Let's keep things simple:

Point 1: Business has two aspects: people and processes.

Point 2: Humans (at one level) have two aspects: Their ‘Being’ (inner self) and their ‘Doing’ (outer performance).

Point 3: Leadership relates to people (their ‘Being’); management relates to processes (their ‘Doings’).

To explain more fully:

 We are Human BEINGS. While difficult to define ‘Human Being’ simply, it is helpful to identify the distinctions within this intrinsic (or inner) world:

  • Emotions and feelings
  • Instinct and intuition
  • Beliefs (what we hold to be true)
  • Values (what is most important)
  • Meaning, purpose and motivation
  • Principles and life philosophy

 

But we’re also Human DO-ers, we do things which occur in the extrinsic (‘outer world’), the world of transaction. The distinctions here are easier to calibrate:

  • Facts and figures
  • Actions , performance and metrics
  • Results and outcomes
  • Systems and processes
  • Efficiencies

This gives us an immediate insight into the respective orientations within leadership and management: Lead people, manage things

 

LEADERSHIP

Push the limits

Courage

Serving

Initiating and originating

Macro, telescope

Connecting

Innovation towards ‘what could be’

MANAGEMENT

Business as usual

Compliance

Directing

Responding and reacting

Micro, microscope

Measuring metrics

Improvement on ‘what is’

The question arises, which is more influential, the inner world or the outer world? The inner. If we’re feeling sick or bad about ourselves, our performance is lower.

This gives an insight into why intrinsic motivators are more effective than extrinsic motivators (e.g. the power of recognition vs that of a bonus); and the comparative impact of strong leadership vs strong management.

It is understood that both leadership and management skills are needed at organisational, team and personal levels. The two cannot operate in isolation. Emergence occurs in the overlap.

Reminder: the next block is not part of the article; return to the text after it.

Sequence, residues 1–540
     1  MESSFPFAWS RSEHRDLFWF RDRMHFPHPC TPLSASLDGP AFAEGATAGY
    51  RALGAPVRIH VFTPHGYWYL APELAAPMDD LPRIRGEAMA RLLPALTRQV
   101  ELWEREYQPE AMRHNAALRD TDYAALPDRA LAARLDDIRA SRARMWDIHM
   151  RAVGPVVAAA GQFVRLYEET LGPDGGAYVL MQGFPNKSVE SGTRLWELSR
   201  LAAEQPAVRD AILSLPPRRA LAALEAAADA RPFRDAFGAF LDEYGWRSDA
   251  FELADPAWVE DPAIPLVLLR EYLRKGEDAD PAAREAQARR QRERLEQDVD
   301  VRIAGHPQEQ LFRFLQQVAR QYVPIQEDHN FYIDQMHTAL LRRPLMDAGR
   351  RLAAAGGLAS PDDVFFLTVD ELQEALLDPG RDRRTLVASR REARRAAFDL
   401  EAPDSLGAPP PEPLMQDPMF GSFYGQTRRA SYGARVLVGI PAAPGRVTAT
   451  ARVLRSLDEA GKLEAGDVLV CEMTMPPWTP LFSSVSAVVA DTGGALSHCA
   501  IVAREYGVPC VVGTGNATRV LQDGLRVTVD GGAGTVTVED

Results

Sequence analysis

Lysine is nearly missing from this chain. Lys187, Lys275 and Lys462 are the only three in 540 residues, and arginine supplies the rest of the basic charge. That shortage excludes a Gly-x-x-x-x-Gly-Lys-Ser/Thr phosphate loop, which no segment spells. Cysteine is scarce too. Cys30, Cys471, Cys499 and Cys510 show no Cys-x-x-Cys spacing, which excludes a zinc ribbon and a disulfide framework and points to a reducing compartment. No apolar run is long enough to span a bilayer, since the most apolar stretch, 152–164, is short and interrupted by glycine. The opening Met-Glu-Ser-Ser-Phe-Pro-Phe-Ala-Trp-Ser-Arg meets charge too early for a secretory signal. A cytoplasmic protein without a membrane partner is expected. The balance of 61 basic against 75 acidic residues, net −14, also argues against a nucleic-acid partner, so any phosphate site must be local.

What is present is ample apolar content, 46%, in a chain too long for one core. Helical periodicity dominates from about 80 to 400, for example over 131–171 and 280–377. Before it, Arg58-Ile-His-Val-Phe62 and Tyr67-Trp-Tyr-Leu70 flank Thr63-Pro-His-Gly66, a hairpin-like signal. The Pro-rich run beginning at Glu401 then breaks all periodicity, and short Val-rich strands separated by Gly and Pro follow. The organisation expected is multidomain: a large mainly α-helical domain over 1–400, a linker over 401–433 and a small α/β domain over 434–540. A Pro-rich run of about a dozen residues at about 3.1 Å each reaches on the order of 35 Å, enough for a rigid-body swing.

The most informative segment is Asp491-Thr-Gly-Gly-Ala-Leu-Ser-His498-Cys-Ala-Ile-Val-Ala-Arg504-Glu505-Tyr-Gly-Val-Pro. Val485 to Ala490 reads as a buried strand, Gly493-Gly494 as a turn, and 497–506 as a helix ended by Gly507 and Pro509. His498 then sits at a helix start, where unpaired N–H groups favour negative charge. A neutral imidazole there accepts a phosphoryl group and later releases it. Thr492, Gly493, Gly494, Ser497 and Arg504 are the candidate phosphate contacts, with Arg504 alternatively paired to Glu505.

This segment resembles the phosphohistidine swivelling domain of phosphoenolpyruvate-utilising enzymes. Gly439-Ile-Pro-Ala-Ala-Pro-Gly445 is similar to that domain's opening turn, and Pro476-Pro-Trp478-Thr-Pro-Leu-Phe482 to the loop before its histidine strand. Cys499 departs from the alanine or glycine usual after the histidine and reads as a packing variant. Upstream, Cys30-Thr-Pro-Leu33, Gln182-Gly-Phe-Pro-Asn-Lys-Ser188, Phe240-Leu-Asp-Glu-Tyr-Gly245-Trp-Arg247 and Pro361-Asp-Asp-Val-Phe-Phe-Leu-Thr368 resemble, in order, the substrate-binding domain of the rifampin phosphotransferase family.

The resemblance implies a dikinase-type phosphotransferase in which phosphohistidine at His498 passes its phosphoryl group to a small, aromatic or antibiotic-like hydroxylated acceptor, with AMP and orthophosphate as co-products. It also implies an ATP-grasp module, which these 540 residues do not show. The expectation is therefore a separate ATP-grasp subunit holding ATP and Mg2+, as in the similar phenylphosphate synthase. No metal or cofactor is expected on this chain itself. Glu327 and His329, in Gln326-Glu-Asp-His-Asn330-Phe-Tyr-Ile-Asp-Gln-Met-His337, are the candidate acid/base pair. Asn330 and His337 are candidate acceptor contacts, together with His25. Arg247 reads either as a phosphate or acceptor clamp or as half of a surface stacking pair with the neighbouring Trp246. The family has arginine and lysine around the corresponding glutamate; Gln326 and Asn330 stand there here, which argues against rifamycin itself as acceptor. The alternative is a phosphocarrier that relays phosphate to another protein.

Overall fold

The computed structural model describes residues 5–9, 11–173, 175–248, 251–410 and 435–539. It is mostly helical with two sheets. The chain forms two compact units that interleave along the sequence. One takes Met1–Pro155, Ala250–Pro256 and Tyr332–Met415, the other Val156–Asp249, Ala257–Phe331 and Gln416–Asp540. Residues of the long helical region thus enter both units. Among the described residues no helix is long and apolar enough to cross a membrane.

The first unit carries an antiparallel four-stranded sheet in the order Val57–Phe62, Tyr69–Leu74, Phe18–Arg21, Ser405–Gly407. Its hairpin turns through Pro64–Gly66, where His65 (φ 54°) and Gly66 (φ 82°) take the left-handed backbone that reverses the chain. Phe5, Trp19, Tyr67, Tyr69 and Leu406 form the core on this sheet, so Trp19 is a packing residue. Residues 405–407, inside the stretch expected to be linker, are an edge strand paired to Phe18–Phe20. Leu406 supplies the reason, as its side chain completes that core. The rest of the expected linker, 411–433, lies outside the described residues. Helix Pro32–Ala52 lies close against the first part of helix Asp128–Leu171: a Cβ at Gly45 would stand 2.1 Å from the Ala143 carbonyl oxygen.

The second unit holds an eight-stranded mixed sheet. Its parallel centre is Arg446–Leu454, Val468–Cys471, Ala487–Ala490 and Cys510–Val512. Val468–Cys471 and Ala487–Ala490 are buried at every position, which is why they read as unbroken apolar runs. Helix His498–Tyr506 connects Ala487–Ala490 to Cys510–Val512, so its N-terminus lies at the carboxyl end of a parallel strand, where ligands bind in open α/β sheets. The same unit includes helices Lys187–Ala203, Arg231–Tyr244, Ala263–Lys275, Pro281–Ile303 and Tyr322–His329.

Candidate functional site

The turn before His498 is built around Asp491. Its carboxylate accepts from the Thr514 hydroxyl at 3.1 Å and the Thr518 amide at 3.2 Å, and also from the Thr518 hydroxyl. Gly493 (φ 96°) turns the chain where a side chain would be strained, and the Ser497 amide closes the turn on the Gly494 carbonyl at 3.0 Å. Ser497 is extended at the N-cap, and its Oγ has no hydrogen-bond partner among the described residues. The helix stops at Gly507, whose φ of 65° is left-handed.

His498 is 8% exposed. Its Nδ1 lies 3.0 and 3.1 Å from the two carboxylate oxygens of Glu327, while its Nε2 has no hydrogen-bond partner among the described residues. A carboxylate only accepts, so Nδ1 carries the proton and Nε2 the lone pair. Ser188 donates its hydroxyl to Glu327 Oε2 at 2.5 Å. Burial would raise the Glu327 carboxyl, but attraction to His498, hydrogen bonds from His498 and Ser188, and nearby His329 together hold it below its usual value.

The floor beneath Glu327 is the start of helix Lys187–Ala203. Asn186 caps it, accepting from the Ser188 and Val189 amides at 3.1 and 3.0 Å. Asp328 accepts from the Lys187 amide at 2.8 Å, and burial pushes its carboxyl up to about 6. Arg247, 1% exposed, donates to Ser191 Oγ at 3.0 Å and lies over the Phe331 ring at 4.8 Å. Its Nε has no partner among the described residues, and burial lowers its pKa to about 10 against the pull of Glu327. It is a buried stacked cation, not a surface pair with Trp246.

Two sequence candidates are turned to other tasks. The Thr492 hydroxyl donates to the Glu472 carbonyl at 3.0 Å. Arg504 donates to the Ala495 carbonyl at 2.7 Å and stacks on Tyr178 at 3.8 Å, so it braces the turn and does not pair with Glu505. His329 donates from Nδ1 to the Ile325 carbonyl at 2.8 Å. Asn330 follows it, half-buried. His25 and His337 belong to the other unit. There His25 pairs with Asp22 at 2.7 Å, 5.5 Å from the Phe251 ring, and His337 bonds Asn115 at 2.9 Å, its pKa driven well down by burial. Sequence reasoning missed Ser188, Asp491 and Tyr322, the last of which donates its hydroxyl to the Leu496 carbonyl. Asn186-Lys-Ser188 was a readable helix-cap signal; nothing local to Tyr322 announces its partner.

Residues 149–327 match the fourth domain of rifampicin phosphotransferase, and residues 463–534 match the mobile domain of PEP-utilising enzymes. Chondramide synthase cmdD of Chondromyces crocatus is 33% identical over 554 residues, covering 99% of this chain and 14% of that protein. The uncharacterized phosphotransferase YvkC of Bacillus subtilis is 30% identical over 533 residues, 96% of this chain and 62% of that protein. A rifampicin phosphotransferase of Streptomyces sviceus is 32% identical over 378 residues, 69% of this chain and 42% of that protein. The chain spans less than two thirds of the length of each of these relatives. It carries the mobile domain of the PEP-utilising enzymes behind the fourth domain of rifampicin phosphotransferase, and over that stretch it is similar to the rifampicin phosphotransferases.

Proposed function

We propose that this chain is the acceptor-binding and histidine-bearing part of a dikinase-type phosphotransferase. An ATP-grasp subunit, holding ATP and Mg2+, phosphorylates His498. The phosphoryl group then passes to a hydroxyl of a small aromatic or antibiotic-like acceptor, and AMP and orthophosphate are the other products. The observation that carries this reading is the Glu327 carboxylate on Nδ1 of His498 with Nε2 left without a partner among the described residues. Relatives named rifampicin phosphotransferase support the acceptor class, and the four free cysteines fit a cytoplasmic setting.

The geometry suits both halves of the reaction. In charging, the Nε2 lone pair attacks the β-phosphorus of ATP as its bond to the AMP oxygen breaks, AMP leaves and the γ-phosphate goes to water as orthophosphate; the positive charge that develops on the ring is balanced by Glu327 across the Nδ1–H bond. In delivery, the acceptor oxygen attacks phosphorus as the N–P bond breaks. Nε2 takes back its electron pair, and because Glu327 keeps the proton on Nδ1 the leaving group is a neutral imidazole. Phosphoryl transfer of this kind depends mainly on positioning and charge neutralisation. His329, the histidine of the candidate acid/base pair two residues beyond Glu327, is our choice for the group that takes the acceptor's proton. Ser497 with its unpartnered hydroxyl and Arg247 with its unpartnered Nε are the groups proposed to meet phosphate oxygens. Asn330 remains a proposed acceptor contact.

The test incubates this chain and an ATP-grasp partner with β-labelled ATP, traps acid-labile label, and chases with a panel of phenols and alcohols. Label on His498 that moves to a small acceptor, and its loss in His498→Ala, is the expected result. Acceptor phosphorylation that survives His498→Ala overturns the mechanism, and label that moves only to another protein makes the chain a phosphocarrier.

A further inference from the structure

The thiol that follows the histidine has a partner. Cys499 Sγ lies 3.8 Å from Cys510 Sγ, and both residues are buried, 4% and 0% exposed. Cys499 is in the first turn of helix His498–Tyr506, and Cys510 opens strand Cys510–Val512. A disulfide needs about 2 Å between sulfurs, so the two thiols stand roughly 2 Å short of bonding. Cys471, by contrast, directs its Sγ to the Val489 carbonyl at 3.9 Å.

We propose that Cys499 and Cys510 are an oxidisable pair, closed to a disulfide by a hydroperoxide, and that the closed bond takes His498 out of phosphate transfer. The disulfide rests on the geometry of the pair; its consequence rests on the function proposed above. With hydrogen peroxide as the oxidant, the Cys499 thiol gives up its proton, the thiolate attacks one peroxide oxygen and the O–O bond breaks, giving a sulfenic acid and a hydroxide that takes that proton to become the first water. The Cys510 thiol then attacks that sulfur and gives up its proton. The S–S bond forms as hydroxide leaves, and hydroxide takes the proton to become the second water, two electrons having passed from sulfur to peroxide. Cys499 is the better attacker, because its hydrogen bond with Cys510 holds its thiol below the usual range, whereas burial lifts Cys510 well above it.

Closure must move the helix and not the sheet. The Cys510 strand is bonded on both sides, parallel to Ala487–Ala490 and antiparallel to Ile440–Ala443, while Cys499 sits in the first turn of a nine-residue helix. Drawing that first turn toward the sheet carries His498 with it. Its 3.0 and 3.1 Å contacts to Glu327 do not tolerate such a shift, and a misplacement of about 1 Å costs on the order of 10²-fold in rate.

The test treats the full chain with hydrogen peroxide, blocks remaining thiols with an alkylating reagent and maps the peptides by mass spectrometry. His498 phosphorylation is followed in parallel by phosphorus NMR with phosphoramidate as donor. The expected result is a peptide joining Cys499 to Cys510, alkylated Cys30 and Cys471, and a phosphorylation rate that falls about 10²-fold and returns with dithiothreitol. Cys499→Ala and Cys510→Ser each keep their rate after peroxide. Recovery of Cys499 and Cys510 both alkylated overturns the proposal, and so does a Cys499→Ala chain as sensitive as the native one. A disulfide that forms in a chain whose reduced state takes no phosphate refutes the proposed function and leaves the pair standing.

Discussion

Management involves getting the work done, while leadership involves getting people keen to do the work. What’s the point of an enthused, empowered and inspired team without the systems, processes and technologies that enable optimal performance?

The two are dance partners, jointly responding to the rhythm and call of a particular compelling future. Put another way, you need both blades of a pair of scissors to be effective.

“Lead and inspire people. Don’t try to manage and manipulate people. Inventories can be managed but people must be lead” – Ross Perot

Unfortunately, however…

“Most organisations are over-managed and under-led” - John Kotter, Harvard Business School

An effective leader is a ‘people person’ who seeks to get the best from all staff. They connect with, and maintain a high visibility with everyone in their team. They identify the strengths in those around them, and allocate opportunities that challenge people to go beyond what they know how to do.

They engage people in debating key issues upfront then co-create the plans. Their passion and enthusiasm for the team or organisation's vision and purpose is highly contagious. They fire the imaginations, develop the capabilities, and build the confidence of people to "go for it."

They give others the investment and ownership they need to produce results, independent of the leader. They give ownership for the end goal, make the scorecard visible then expect complete work.

So, would you prefer to be lead or managed? Do you prefer to be inspired toward fulfilment or compared into compliance (which carries a sense of manipulation).

The message here is simple, effective leadership needs both leadership and management.

Start first with leadership (connect, enthuse and recognise your most valuable resource – your people). Support this with the measurement, comparison and metrics of management.

Lifting performance is a combination of travelling back and forth between the big picture (the possibilities for the future), and the grunt work (the demands of the here and now), then back to the big picture… and so on.